Don Box: "Shipping a platform seems to take forever."

Heh, if he is shipping a floral arrangement, I wonder what you'd call Longhorn?

Maybe an entire Tulip farm?

Yesterday I posted a bad .NET Rocks link, so today I'm reposting it. Carl Franklin is doing a great job. All for free.

While we're at it, check out Franklins.net and the "Sunny Day" videos. That's the most unique way of explaining what .NET that I've seen so far.

Calling all Flash Mobbers in Seattle Area. I'm setting up "Flash Mobs" and our first one will be held this Friday at noon in Redmond. You gotta email me to find out where. robertscoble@hotmail.com. Only bug me if you're interested in showing up.

I'll be there. We'll meet someplace for 15 minutes, chat amongst ourselves, and then disband. It could be fun!

Lawrence Lessig: "But I have been struck in reading these posts [done by Howard Dean], and the passion they inspired. They revive a feeling I had as a kid that ideas could matter, and that there could be people who would make them matter.

Amen!

I got some awesome headphones today. I'll write more about them after I get a good idea of how they compare to others, but Buzz Bruggeman recommended I get a pair (he says they are the best he's ever had for the less than $100 range -- sure there are better noise cancelling sets out there, but these are darn nice).

They are from Etymotic Research and they block out external noise. Very helpful when you have neighbors who play Strong Bad really loud. Not that I mind, my neighbors at work give me most of the funny stuff that gets on this blog.

By the way, if you haven't checked out Strong Bad yet, what the heck you waiting for? An invitation from Dave Winer?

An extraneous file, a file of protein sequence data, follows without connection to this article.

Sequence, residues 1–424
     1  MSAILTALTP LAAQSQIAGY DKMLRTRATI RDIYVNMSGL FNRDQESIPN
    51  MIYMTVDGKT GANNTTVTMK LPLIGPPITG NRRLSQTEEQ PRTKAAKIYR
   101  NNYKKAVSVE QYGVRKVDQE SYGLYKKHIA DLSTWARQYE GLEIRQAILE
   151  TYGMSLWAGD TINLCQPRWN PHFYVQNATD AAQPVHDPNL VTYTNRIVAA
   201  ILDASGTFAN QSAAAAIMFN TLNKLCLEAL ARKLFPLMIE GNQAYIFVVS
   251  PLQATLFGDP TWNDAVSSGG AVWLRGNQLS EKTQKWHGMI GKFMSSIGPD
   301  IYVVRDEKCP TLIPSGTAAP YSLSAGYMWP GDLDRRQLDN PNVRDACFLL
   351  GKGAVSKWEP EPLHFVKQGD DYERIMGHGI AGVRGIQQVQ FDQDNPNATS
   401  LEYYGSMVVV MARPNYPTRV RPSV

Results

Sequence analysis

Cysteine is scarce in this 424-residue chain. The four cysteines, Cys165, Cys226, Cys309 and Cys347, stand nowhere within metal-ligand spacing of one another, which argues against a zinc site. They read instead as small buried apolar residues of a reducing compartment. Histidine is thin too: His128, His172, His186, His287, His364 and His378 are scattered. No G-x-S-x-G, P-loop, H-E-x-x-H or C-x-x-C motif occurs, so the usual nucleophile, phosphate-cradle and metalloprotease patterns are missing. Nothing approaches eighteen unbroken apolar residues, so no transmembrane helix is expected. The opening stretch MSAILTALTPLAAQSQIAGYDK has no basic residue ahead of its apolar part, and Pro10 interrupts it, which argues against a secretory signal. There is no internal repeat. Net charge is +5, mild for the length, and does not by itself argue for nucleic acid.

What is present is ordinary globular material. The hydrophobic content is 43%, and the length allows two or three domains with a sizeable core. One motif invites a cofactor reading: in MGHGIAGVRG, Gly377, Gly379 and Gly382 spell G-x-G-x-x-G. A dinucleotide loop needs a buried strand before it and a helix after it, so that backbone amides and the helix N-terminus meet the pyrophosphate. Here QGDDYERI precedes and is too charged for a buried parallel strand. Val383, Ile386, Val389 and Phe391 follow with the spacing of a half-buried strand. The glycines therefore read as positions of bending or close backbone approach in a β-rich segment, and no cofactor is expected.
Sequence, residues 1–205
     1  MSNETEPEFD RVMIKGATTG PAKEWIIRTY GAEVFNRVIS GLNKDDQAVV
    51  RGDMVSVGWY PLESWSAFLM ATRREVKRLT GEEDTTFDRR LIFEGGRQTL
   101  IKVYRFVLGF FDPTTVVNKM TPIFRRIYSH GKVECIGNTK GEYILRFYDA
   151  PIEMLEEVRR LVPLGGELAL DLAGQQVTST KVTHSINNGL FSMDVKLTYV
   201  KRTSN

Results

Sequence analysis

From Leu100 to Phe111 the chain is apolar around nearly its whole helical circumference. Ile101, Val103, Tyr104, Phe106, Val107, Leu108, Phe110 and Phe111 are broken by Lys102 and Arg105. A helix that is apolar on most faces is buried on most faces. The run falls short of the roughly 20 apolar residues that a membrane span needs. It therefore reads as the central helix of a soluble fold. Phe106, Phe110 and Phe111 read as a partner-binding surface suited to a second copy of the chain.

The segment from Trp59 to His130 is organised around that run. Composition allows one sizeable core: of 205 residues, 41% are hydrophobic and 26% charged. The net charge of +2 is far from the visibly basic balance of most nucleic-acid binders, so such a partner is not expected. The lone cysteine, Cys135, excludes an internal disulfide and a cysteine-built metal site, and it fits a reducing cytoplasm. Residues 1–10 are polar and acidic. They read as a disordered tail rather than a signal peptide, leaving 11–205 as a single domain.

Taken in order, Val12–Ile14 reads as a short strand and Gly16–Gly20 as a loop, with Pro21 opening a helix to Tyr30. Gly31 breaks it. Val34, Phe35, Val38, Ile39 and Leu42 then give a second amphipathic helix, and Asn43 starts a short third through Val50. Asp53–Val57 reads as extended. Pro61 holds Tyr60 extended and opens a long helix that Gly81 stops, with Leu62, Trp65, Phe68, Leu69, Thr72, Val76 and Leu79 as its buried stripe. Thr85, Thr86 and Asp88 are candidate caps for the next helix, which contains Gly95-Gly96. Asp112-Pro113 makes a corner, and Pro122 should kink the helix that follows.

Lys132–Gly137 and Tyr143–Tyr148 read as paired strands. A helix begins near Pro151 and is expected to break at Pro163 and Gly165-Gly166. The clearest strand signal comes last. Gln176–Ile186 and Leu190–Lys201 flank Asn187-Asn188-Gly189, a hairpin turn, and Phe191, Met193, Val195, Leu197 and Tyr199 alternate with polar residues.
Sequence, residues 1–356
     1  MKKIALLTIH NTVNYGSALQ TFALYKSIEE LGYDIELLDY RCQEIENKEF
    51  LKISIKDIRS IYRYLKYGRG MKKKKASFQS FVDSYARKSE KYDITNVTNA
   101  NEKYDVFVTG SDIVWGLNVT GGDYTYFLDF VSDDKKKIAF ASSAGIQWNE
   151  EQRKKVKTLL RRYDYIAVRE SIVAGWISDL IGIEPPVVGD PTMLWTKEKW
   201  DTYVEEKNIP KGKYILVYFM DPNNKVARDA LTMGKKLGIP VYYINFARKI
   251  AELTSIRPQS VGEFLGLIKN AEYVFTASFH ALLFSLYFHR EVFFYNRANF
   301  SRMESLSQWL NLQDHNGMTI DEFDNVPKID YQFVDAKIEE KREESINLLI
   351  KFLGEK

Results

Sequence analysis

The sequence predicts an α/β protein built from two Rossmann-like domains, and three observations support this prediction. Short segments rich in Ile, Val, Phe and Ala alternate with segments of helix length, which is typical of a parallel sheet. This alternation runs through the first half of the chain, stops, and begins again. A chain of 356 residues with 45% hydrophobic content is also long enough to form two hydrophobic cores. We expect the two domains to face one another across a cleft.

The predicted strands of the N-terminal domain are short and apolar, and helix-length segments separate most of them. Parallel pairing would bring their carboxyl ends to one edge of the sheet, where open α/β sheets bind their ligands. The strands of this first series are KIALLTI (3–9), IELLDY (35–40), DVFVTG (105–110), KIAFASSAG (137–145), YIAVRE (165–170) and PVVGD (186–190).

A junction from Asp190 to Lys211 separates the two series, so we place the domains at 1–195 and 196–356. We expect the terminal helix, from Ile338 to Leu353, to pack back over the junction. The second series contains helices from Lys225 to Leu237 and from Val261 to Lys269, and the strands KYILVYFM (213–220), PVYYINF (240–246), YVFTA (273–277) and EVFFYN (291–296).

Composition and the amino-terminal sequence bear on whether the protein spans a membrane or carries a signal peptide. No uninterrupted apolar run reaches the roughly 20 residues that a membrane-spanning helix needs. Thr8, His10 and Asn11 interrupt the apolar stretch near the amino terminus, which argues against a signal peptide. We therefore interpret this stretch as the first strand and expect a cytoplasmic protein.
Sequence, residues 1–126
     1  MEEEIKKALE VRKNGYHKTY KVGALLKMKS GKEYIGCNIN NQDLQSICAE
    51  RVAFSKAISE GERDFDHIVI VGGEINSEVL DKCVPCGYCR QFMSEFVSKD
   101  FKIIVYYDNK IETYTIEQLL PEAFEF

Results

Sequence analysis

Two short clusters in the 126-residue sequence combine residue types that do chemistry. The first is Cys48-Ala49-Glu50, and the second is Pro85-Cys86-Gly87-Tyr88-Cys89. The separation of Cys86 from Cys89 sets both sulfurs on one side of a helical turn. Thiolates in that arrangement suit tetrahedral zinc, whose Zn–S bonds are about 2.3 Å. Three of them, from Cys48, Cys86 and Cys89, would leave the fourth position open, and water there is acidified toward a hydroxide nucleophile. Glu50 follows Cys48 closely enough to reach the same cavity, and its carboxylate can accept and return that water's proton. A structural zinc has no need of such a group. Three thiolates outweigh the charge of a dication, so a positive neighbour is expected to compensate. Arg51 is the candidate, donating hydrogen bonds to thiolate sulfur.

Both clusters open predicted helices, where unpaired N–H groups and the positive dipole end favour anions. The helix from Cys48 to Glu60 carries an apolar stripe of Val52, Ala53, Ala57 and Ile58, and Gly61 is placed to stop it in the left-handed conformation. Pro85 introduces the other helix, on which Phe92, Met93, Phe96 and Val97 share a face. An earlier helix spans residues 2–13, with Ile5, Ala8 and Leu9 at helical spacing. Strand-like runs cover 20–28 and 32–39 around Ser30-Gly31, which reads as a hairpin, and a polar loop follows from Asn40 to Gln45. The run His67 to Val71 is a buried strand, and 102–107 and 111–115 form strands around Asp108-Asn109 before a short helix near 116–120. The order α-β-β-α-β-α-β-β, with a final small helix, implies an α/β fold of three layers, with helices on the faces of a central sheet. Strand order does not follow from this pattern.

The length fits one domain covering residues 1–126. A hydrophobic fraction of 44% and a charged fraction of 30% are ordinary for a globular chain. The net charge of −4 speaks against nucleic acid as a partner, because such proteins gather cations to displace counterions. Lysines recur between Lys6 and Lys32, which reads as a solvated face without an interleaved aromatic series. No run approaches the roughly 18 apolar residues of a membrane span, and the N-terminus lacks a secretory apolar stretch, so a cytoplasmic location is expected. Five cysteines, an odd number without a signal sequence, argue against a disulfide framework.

Ev Williams of Google: "I'm getting so sick of browsers."

It's so weird working at Microsoft. My floor has dozens of offices. Sometimes I just walk around and talk to people and ask them "what do you do?" Today I found out a weblogger worked on the aisle next to mine. Rebecca Dias. She's on the marketing team for WSE 2.0 and she uses Sharp Reader to keep up on the blogs.

Loren tells us how the Tablet PC team is working to get the word out about Tablet PCs.

John Porcaro pointed me at this quiz and book: The Five Patterns of Extraordinary Careers.

I took the quiz and it said I'm a successful professional (above average). But, not executive level yet. The book sounds interesting.

Vic Gundotra told me to check out the new Napster because it's a great viral marketing campaign. The Flash movies are hillarious. Napster escaping from jail is a hoot.

MadGeek has a nice resource for .NET programmers where you can find companion tools and components: the Sharp Toolbox.

Harry Pierson tracks my sleeping habits. Gotta get to bed earlier!

Julie and Marcie are also talking about the dearth of women as speakers at tech conferences.

Oh, don't forget Dori Smith. She's the one responsible for getting me to blog!

Jennifer Lerman points out that Ari Bixhorn's live demo of the next version of Visual Studio (code-named Whidbey) is online.


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Robert Scoble works at Microsoft. Everything here, though, is his personal opinion and is not read or approved before it is posted. No warranties or other guarantees will be offered as to the quality of the opinions or anything else offered here.

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© Copyright 2004 Robert Scoble robertscoble@hotmail.com. Last updated: 1/3/2004; 2:50:11 AM.